Want to know how to get a better night's sleep? Read on to find out how to sleep better
The land of Nod, 40 winks, shut eye. Whatever you call it, sleep is an important (and big) part of our lives, with the average person spending 26 years asleep over their lifetime! With us spending so much time snoozing, it makes sense to get the best quality night’s sleep you can, right?
Getting a good sleep routine is good for both your physical and mental health, and can have a knock on effect on other factors too, such as your diet and concentration levels. By making just a few small changes in your daily life, it can have a big effect on your sleep, scroll down to find out how.
Ever noticed how after a day out you feel sleepy when you get home? That’s because when we expose our eyes to sunlight, our body makes a hormone called melatonin, which is used to regulate our sleep and wake pattern and it’s the only way our body knows whether it’s light day or night.
Staying indoors all day means you’re more likely to have a rubbish night’s sleep as you aren’t exposing your eyes to outdoor sunlight, which will reduce your melatonin levels. Next time the sun shines, take a walk outside and leave your sunglasses off for a little while so your eyes can absorb the light (just don’t look directly at the sun!)
Limit your screen time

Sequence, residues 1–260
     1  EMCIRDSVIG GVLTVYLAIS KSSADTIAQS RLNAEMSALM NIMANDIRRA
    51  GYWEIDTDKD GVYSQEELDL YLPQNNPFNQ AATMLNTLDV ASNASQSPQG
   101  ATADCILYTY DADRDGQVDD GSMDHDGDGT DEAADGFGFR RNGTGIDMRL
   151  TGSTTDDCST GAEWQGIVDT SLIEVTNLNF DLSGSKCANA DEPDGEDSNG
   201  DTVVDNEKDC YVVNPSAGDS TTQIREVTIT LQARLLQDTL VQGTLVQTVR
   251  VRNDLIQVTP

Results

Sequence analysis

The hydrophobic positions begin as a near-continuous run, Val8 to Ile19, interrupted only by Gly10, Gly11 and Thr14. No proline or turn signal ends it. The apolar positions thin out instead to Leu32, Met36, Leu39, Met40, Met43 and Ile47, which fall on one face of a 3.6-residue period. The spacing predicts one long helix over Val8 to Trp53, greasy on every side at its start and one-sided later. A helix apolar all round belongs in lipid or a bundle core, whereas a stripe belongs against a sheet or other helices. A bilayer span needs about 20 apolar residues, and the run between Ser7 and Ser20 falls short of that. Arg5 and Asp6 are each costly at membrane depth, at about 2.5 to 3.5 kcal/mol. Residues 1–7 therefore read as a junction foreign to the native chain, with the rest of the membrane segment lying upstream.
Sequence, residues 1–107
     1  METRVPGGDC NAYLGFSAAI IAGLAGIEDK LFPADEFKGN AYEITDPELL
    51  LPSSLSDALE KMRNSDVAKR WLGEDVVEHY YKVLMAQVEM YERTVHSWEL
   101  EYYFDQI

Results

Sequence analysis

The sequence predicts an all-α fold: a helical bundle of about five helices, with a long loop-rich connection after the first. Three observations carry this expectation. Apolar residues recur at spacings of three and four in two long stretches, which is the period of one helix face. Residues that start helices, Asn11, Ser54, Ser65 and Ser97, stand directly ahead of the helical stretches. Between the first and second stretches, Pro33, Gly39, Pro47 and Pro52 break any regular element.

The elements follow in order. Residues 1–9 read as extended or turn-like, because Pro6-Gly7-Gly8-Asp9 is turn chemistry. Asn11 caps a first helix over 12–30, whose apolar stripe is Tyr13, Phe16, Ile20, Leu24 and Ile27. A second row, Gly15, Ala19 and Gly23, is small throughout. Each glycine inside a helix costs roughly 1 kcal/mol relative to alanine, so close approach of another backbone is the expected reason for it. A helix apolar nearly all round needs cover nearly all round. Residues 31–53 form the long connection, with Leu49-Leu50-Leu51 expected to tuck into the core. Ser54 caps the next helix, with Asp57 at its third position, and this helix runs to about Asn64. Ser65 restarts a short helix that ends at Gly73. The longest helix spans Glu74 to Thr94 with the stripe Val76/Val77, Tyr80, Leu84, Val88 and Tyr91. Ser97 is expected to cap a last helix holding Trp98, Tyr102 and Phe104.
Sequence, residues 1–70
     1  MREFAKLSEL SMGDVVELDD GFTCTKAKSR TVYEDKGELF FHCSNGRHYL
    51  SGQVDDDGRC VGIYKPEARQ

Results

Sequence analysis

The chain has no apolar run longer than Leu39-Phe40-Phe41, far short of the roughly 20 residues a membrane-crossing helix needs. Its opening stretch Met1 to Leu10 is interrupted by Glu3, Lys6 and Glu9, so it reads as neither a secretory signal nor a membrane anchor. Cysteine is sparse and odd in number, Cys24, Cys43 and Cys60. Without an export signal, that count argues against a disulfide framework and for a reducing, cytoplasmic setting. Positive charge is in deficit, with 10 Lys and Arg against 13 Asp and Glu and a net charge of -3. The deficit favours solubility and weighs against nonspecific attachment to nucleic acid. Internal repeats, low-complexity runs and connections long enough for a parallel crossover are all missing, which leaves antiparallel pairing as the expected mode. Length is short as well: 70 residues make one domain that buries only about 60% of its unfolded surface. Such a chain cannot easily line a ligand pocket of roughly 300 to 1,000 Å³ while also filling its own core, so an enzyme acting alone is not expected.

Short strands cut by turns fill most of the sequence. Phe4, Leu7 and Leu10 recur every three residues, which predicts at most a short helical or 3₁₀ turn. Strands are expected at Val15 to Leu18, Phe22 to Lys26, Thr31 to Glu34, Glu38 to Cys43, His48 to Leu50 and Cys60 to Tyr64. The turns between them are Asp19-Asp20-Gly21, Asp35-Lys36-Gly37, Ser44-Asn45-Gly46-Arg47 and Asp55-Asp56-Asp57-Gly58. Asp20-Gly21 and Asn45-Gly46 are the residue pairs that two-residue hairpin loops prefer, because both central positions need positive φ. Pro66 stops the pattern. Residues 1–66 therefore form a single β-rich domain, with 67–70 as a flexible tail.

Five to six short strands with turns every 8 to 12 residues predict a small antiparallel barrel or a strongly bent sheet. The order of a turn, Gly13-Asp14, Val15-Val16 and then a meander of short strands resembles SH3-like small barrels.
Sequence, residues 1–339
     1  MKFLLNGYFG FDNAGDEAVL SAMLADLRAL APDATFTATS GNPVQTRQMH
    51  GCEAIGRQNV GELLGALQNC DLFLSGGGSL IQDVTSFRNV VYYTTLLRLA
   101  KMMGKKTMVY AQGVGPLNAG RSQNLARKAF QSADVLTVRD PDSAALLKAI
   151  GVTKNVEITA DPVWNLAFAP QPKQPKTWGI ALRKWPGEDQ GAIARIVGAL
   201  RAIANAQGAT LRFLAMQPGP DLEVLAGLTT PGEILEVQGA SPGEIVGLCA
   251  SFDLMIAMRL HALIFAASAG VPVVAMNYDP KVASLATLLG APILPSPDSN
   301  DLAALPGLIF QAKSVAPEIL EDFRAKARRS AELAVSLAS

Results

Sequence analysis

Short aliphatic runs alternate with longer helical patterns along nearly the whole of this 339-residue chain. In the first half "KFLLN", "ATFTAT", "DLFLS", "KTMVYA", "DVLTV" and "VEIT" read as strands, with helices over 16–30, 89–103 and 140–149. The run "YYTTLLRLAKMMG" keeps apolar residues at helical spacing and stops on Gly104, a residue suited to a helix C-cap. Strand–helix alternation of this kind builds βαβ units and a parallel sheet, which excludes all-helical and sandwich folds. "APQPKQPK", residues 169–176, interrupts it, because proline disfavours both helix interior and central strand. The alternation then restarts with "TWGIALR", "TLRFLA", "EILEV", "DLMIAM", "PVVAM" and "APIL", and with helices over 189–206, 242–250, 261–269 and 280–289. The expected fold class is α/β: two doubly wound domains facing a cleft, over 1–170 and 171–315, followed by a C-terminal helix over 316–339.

This goes for during the day as well as before bedtime, too. Consuming too much TV and constantly scrolling through social media isn’t just bad for your brain, but also your eyes. Blue light, the light given off by our screens, blocks the hormone melatonin (remember, we need that for sleep.) After too much screen time it’s difficult to get to sleep and eyes might feel dry and sore, so it’s best to limit scrolling on your phones and laptop for at least 30 mins – 1 hour before bed.
Create a calm and relaxing space
Where you sleep has a big impact on how you sleep, so it’s important to create a space that’s easy to drift off in. A good quality bed and mattress is imperative for good quality Zzzz’s, and a room that’s not too cluttered and busy can help our brains to switch off at night.
If you’re working from home and your bedroom is the only space you have to work in, move your laptop to another room when work is finished to help you switch off, and throw a blanket over your bed to make it look different so you associate your bed with sleep, not work.